I once heard that more avocados are consumed on Super Bowl Sunday than on any other day of the year. This is wrong: Super Bowl Sunday doesn’t touch the 14 million pounds of avocado consumed on Cinco de Mayo. Still, about 8 million pounds of avocado have reportedly been mashed into guacamole in honor of the big game in recent years—about 5% of total sales, nothing to scoff at so long after the crop’s seasonal peak.
Most of the avocados we buy to make a summer dip in the dead of winter are Hass avocados, grown in coastal California or, since 2007, in Mexico. (The avocado tree originated in Mexico and Central America, but those zones were closed off to U.S. importers until recently due to an apparently unfounded fear of fruit flies.) Avocados are technically in-season almost year round. The fruits don’t ripen while on the tree, so they don’t have the limited harvest window that other temperate-zone tree fruits have, and avocado fruits can mature all year in the hot, humid climates they prefer. But mature fruits are more sparse in midwinter than they are in the summer months, which is usually reflected in the grocery store price. MORE
I used to envy people whose mothers taught them to cook, who learned ancestral ravioli recipes brought over from Italy by their wise old great grandmothers. But this was not to be. First of all, we weren’t Italian. Second, my mother did not like to cook.
She executed her kitchen duties as efficiently and conscientiously as possible and used a handful of battered cookbooks to get the job done. Cookbooks were not tomes to be thumbed through and dreamed over, but manuals in which she wrote her businesslike comments about what worked and what didn’t, when she’d made a dish, how it froze, whether her children liked it, how it worked for a party. MORE
Typically, I plan party food according to two basic rules: one, make it delicious, and two, present it in a discrete form that can be picked up and brandished in the course of energetic conversation without spraying crumbs or dip everywhere. But for New Year’s Eve, which I usually spend with a close cadre of friends, I am willing to break the rules for lucky foods. New Year’s style so often seems to highlight glitter and glamor: sparkling beverages, spangle and shine on the clothes, twinkling lights—but the food is down-home, humble but filling and delicious. I simmer black-eyed peas to creaminess with a ham hock in a slow cooker. I leave the pork out of the collard greens in case of vegetarian guests, but I caramelize the onions with a smoky salt and deglaze with wine to make this humble green a little more dressy for the occasion. Soft, round rolls and the various offerings of other guests finish off the meal. Napkins are required. When we eat, I recite a litany cobbled together from memory and the Internet: the green folds of collards represent paper money and prosperity; the pork is a nod to the forward progress of the pig, who can’t walk backward; the black-eyed peas are looking to the future. MORE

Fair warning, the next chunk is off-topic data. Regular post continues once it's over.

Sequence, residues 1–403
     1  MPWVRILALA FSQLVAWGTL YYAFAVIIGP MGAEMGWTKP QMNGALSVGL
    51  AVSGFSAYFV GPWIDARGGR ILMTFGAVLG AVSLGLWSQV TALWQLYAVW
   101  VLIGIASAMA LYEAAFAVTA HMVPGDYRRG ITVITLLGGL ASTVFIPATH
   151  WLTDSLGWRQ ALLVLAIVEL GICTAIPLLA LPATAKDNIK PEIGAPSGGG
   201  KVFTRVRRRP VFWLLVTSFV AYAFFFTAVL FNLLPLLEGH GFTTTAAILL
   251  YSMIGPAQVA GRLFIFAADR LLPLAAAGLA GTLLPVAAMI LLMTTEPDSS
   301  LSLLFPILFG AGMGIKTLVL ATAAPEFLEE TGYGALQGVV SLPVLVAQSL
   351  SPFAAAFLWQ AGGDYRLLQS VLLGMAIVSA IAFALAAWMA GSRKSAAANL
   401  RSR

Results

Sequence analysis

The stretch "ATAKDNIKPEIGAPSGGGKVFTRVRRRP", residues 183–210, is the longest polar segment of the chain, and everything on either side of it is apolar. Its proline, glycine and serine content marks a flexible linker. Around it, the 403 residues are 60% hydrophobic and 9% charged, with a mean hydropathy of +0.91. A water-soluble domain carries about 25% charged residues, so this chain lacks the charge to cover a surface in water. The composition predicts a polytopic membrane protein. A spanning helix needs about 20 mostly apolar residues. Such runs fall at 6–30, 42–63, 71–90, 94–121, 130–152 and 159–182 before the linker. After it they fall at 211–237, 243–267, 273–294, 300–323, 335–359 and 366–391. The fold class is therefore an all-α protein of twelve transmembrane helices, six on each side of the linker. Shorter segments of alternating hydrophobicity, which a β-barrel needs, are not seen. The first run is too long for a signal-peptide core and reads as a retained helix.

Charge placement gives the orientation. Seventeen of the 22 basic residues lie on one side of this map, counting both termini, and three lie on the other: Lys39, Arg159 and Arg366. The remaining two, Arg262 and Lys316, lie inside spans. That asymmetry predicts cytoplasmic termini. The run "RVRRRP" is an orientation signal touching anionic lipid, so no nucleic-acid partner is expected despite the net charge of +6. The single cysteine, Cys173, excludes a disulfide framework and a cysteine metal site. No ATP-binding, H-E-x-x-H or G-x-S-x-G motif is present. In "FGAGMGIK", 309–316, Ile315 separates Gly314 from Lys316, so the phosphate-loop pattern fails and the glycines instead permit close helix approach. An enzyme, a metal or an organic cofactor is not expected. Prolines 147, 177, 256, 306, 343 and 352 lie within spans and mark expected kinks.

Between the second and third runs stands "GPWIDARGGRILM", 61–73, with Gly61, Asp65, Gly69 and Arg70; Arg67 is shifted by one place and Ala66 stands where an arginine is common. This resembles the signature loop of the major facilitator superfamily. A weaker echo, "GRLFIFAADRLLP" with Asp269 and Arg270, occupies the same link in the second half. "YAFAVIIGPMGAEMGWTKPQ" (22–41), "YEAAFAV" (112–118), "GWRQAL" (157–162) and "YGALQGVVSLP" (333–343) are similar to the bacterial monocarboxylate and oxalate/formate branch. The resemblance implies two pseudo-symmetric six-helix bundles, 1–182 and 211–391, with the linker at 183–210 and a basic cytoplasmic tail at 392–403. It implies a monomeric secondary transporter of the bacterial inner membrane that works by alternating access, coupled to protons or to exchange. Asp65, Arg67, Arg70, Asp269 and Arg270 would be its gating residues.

Every December I decide to make an English steamed pudding, and every December I don’t make an English steamed pudding. Why not? Plum pudding sounds like the most magical Yuletide dessert, rosy and succulent and full of plums. Then I pull out a cookbook, read the ingredients, and remember why I’ve never made one. Plum pudding is not rosy and succulent and plummy; is is black, alcoholic, and raisiny. This would be ok with me, but no one else in my family would touch such a dessert. Figgy pudding, packed with dried fruit and rum, would be every bit as unpopular. So how could I ever have a steamed English pudding for the holidays? MORE